“To celebrate the 50th anniversary of this unique institution a few of the old inmates, now on day release, have put together a programme of music from the BBC Radiophonic Workshop. There will be plenty of old favourites and some new material, played by the band that never actually existed… until tonight.”It then lists the players and their 18 synthesizers.
“Apple’s Logic Audio provides surround playback, with MainStage allowing us to use the latest virtual synths alongside the vintage hardware.”The audience was pretty much what you’d expect: scruffy, sweaty boys lashing through the lager. I saw plenty of chums there, though me and M. were too late for the Q&A. Expect we’d have known all the answers anyway.
I did glean a few top facts from the evening. The building in Maida Vale once used by the Radiophonic Workshop is now where Jonathan Ross records Film 2009; a little, hot room right at the end of a long, long corridor. And the Roundhouse itself was built for turning trains round. (There were boards up detailing its history, with Victorian railway magnates in tall top hats, and some groovy nudity when the place was home to Oh, Calcutta!)
After some gins and a plastic pint of Becks, we squeezed into the dark mosh pit to stand for a couple of hours listening to nostalgic strange noises. In the best traditions of rock and roll, the band appeared later than billed, just as the audience were getting restless. Then there they were: Mills, Limb, Kingsland, Howell and Ayres. And – hooray! – all wearing lab coats. (Rain Rabbit has photos from the gig on Flickr.)
The Radiophonic Workshop are, of course, responsible for the odder bits in the soundtrack of our lives. They created the Doctor Who theme tune and the noise of the TARDIS coming and going. But they also produced tunes and effects for schools’ programmes, documentaries and various dramas.
It was, to be honest, a mixed bag of music, covering the enormous range of the workshop’s output. Strange, alien stuff led into jaunty, light jazz. Tunes you could sing along to followed the sound of space. The barn-owl-tastic titles to 80s computer programming show Micro Live got a big cheer from the geeks.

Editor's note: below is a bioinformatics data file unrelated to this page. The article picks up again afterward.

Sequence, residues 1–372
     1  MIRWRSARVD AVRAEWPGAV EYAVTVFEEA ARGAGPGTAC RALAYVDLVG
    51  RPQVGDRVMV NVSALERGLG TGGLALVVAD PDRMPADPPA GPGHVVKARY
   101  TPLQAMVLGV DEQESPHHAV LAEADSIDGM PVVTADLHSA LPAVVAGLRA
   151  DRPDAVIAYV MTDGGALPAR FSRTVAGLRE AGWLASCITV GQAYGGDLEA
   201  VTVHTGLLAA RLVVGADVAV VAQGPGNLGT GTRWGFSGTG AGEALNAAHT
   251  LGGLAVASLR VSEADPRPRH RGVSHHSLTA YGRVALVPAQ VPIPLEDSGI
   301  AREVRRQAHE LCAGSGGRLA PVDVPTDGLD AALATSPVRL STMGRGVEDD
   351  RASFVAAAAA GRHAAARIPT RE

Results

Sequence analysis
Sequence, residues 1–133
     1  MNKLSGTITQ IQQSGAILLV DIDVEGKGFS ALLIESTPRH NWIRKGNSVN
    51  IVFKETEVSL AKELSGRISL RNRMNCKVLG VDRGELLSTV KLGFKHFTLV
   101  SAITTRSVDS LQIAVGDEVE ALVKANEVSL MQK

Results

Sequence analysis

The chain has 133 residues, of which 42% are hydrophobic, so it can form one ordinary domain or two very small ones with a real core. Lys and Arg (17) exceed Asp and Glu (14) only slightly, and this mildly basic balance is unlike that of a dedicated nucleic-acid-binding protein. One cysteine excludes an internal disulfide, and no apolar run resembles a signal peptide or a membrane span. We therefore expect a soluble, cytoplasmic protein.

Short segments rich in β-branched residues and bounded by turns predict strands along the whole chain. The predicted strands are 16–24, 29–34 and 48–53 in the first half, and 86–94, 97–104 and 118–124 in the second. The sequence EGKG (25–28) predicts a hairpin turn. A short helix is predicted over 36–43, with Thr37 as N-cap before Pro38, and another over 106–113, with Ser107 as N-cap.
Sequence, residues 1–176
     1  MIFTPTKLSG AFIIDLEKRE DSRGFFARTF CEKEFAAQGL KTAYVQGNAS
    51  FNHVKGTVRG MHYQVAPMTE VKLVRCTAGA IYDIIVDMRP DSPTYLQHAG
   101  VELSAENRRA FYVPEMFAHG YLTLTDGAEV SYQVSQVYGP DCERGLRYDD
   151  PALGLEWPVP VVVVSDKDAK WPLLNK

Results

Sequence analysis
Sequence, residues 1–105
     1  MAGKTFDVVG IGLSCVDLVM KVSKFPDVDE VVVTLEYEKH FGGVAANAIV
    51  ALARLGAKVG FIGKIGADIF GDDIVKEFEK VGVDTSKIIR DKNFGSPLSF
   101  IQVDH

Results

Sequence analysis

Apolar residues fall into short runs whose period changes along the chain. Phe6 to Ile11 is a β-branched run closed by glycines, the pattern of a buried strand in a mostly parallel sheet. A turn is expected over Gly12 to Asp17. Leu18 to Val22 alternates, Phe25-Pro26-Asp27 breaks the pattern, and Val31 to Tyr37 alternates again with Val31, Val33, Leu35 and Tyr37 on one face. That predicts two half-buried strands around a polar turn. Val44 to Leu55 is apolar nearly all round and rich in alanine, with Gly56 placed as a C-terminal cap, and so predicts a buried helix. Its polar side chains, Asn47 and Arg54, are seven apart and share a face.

Between the tunes there were good-natured if geeky intros from the band-members. Kingsland explained that the Radiophonic Workshop had closed in 1997, but – being British – were “blustering on anyway”.
A lot of their stuff was painstakingly hand-made in the days before the synth. These days, as Peter Howell admitted at one point in the evening, their entire output fits on one Mac. A lot of the workshop’s work was inventing pre-recorded sounds and editing them together – all done with tape and razor blades. The gig nicely mixed the recordings with live performance. There were live versions of the regeneration from Tom Baker into Peter Davison and the theme to John Craven’s Newsround (electric guitars and drums complimenting John Baker’s pre-recorded and played-with bottle tops). The enthusiasm of and for the old duffers was what made this such fun. An entirely bizarre line-up but a great night out.
It’s not just the tunes and noises the workshop produced themselves: they were hugely influential on the wilder ends of pop. Coincidentally, tape loops featured in Saturday’s St Etienne gig, as reported by Paul Cornell.
You’ve got three days left to listen again to Night Waves where Matthew Sweet chats to the Radiophonic Workshop prior to the gig. And, if that doesn't sate you, whizzo documentary The Alchemists of Sound is up on YouTube.